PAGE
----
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I work night shift in a prison psych unit for the dept. of mental health.. You can function just make sure you get enough sleep. I get more sleep working night shift then I did working AM's. I naturally stay up late so I would be up til midnight and have to get up at 4:30am before for the day shift. Now I get better sleep and night works great. Lower stress easier pace.

I seriously don't think I could. I still have a little one at home, and even when Im dead dog tired from a restless nights sleep I cannot fall asleep during the day for nothin! I don't know why. I also know here in AZ things may be alittle different than there in Cali. My friend told me she worked on an Alzheimers ( I know Im spelling that wrong)unit and it wasn't nearly as busy as the rehab facility she works in. Although I wouldn't make as much money, there is always hospitals and Dr.'s offices that employ LPN's. I will just have to see. Worst case, if I hate my options, I will just go on and get my RN.....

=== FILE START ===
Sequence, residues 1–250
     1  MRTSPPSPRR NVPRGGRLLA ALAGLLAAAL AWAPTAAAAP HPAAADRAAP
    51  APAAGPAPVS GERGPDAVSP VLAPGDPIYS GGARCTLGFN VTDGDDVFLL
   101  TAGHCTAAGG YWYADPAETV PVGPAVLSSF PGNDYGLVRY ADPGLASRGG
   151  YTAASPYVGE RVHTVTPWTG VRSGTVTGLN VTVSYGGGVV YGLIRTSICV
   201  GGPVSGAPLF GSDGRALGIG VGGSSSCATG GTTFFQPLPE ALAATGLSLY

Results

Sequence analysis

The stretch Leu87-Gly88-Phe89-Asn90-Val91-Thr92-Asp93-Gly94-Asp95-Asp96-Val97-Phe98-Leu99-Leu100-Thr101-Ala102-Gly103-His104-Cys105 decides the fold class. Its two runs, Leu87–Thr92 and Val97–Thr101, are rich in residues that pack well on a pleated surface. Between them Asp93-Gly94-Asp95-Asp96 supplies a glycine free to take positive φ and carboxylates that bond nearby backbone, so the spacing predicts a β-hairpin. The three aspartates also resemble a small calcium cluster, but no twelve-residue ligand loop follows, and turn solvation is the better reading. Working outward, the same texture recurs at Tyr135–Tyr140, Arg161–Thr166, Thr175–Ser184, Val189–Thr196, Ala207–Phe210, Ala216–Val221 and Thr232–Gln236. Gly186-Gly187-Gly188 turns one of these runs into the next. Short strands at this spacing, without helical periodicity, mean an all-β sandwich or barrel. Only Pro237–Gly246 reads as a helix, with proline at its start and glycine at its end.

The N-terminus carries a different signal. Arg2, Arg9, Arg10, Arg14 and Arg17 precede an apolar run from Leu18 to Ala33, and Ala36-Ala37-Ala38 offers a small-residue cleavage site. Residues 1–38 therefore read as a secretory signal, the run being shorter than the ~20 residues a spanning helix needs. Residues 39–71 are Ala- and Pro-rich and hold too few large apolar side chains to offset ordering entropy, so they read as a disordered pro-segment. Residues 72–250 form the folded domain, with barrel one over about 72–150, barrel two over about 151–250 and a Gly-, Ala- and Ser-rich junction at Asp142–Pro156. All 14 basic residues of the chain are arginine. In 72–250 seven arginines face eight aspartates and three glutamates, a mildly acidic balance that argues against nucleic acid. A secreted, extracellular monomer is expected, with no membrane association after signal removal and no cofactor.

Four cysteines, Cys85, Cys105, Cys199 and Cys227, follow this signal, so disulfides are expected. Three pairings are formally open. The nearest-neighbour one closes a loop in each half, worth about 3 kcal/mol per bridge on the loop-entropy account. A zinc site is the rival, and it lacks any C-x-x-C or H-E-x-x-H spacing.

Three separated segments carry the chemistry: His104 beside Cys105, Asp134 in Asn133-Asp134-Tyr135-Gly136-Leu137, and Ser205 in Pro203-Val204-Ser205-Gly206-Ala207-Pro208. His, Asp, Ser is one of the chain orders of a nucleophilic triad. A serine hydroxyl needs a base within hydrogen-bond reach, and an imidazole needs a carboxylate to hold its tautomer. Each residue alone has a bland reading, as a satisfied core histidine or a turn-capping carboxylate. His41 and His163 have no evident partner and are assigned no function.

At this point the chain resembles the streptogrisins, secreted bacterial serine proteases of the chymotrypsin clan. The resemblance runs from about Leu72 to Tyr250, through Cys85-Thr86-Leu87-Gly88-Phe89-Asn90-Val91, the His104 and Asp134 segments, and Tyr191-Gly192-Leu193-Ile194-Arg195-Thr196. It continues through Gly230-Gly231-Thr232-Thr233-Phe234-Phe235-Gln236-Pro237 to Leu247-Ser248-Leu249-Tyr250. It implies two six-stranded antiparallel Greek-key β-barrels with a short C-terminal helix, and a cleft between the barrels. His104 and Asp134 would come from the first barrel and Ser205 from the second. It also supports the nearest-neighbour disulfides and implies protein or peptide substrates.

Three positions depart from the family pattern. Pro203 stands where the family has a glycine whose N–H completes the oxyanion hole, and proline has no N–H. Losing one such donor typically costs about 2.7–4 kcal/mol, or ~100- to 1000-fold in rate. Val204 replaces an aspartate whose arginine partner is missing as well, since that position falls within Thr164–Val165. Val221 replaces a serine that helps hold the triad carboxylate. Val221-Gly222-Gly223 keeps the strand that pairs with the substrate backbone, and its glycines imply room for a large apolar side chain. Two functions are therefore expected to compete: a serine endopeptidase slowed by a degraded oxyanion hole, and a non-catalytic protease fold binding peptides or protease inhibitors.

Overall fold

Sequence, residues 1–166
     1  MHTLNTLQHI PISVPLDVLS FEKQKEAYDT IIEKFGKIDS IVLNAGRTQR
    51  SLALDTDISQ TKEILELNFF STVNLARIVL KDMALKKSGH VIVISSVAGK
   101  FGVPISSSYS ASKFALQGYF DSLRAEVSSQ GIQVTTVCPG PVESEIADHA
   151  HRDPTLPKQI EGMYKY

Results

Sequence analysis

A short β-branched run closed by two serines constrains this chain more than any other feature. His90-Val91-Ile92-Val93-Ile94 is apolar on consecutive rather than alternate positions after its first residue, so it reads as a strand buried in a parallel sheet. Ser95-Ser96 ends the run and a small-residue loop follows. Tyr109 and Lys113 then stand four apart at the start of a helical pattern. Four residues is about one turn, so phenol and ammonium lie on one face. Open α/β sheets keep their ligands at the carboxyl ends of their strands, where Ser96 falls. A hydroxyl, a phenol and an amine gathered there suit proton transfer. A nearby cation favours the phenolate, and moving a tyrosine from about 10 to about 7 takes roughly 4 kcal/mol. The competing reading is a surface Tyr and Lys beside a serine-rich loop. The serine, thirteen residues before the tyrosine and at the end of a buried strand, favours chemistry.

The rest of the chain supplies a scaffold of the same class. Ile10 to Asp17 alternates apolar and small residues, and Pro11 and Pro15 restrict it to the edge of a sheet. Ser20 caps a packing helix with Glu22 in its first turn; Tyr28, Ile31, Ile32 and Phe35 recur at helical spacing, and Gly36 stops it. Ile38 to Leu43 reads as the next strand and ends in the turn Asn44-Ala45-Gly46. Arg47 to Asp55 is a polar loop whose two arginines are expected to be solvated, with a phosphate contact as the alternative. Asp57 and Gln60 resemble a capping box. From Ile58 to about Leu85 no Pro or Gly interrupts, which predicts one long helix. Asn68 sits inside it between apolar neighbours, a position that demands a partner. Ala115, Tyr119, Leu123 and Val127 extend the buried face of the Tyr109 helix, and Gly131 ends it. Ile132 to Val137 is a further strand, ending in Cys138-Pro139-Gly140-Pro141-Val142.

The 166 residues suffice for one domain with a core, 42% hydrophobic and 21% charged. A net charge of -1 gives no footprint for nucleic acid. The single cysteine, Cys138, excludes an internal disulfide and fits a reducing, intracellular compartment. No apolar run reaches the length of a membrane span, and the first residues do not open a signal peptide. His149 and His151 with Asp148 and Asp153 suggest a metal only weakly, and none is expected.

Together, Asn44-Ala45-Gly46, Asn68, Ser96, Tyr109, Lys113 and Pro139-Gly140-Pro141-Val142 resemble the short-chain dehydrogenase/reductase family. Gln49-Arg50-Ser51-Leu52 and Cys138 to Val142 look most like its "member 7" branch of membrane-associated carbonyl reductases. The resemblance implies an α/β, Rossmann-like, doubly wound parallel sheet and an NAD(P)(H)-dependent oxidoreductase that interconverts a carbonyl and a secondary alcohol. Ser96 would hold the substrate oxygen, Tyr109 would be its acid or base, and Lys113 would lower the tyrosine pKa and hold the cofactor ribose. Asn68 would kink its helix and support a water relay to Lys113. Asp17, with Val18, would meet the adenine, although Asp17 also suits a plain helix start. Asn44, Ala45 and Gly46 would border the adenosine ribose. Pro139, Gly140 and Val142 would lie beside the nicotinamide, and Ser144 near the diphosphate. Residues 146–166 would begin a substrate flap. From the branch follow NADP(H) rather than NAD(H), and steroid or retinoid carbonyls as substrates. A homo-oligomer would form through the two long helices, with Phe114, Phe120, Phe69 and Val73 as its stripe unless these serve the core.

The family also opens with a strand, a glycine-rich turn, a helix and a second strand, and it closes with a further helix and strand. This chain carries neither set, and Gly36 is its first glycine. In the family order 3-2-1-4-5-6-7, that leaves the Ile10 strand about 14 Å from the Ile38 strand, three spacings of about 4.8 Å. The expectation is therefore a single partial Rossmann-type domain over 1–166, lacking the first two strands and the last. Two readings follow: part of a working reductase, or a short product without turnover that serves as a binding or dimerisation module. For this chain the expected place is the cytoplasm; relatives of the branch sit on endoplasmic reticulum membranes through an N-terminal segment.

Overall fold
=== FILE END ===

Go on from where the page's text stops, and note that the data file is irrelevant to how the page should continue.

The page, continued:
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pagandeva2000 is a LPN and specializes in Community Health, Med-Surg, Home Health.

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I do home care, and it can be less stressful, but, there are other considerations. The family dynamics, home environment, and not having another medical person to rely on in case things happen are things that a nurse must also take into consideration. All in all, I do prefer home care better, and may make that a plan for the future.

I am glad that I was not blind to nursing because I was in it as an aide and other positions for many years and see how it works. However, when the weight of it all is on you, anyone can wonder to themselves if this is what they got into nursing for...assembly line care??? I am heavily into karma, and can acknowledge another person's point of view about me as much as I can hate it sometimes. I worry about if myself or a loved one needs care and how we would be treated. I try my best to do what is right, but, the real world is not a textbook. Sometimes, our decisions are based not on policy or what was taught in school. Our decisions may be based on who else is on duty, how much trouble will we have to get through in order to get service for the patient or to get a troublesome situation out of our hands, and such. I go home with tremendous guilt, sometimes.